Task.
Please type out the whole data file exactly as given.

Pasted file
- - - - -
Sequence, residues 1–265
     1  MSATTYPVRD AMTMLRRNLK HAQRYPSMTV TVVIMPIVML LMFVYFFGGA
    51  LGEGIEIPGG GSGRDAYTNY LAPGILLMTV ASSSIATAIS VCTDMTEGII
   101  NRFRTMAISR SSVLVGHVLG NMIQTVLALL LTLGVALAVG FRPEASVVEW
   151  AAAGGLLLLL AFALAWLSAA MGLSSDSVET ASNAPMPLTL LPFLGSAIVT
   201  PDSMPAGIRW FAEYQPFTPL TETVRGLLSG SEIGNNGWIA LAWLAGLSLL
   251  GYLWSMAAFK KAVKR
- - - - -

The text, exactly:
Sequence, residues 1–265
     1  MSATTYPVRD AMTMLRRNLK HAQRYPSMTV TVVIMPIVML LMFVYFFGGA
    51  LGEGIEIPGG GSGRDAYTNY LAPGILLMTV ASSSIATAIS VCTDMTEGII
   101  NRFRTMAISR SSVLVGHVLG NMIQTVLALL LTLGVALAVG FRPEASVVEW
   151  AAAGGLLLLL AFALAWLSAA MGLSSDSVET ASNAPMPLTL LPFLGSAIVT
   201  PDSMPAGIRW FAEYQPFTPL TETVRGLLSG SEIGNNGWIA LAWLAGLSLL
   251  GYLWSMAAFK KAVKR